Google Is Removing YouTube from Amazon Devices

Posted Wed Dec 6, 2017 at 09:00 AM PST by

The streaming service will no longer be available through Amazon products.

According to a report from the Wall Street Journal, Google is set to remove its YouTube app from Amazon's lineup of media players, including the Fire TV. The move comes in response to Amazon's continued refusal to offer Google media devices through its site.

Starting January 1, Google plans to block all access to YouTube through the Amazon Fire TV. Likewise, the service has already been removed from Amazon's Echo Show device. The move comes as a result of Amazon's decision to keep Google products like the Chromecast and Google Home smart speaker off of its retail site, and the company's refusal to make its Prime Video app available via Google Cast or Android TV. For its part, Google says that it hopes the two companies can reach an agreement soon. A similar dispute between Amazon and Apple has also been in play over the last few years, but those issues seem to be on the mend. While Apple TV devices are still not available for purchase on Amazon as of press time, the Prime Video app was just added to the Apple TV channel lineup.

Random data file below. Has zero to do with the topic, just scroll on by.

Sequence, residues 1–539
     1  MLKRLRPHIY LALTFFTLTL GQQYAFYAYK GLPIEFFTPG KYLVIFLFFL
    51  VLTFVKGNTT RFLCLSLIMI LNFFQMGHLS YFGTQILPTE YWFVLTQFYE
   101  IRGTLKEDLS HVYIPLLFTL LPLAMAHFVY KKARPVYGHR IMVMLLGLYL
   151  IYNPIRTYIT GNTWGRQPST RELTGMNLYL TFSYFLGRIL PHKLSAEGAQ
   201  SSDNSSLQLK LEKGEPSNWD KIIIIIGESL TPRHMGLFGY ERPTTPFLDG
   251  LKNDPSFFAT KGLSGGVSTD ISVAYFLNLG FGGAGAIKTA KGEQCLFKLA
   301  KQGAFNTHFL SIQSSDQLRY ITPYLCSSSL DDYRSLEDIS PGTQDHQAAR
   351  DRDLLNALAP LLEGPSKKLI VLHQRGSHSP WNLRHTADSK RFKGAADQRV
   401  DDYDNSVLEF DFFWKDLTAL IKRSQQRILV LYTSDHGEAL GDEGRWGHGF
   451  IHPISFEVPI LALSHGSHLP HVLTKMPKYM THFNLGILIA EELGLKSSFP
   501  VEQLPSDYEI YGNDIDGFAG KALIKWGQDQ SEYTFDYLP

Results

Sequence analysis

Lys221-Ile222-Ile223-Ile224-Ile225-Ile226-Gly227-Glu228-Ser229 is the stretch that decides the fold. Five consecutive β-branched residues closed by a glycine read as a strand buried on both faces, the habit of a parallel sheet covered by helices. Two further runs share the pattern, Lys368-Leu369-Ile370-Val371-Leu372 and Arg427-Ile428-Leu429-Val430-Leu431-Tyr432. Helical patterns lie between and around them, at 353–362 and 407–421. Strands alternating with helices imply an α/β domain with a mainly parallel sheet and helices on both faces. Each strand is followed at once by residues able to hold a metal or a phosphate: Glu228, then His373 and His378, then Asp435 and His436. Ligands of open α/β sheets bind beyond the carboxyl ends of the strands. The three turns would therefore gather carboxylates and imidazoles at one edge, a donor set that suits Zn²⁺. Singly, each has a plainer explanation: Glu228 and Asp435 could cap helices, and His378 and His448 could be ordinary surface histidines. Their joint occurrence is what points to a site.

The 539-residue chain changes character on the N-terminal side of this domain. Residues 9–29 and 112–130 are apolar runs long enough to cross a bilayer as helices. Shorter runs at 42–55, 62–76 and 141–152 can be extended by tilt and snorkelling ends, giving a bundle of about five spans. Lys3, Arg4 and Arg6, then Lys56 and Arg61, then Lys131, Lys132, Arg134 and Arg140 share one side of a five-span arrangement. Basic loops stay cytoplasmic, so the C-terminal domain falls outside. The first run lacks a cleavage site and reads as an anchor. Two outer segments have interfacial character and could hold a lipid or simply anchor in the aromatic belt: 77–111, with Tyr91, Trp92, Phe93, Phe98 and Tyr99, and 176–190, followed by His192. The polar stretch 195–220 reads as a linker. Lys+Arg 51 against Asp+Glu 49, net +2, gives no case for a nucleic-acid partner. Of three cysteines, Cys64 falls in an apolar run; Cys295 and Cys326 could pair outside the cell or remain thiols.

Amazon's latest Fire TV ($70) device offers access to a growing collection of apps (sans YouTube) and Alexa skills. Under the hood, the device is powered by an Amlogic Quad-core 1.5GHz processor and Mali450 MP3 GPU, along with 2GB of memory, dual-band 802.11ac Wi-Fi, and 8 GB of storage. The player also features a new compact dongle-like design that fits behind a user's TV. In addition, the unit includes support for up to 60fps 4K Ultra HD playback with HDR10 and Dolby Atmos audio.

Meanwhile, Google's latest Chromecast device, the Chromecast Ultra ($69), plugs into a display's HDMI port, allowing users to cast all of their favorite content from thousands of apps (sans Amazon) using a smartphone, tablet, or laptop. In addition, the device supports 4K, HDR (high dynamic range) and Dolby Vision content, offering playback support for videos with higher resolution, expanded colors, and enhanced contrast.  

Sources: The Wall Street Journal, CNET

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Tags: Google, Amazon, YouTube, Apps, Fire TV, Chromecast (all tags)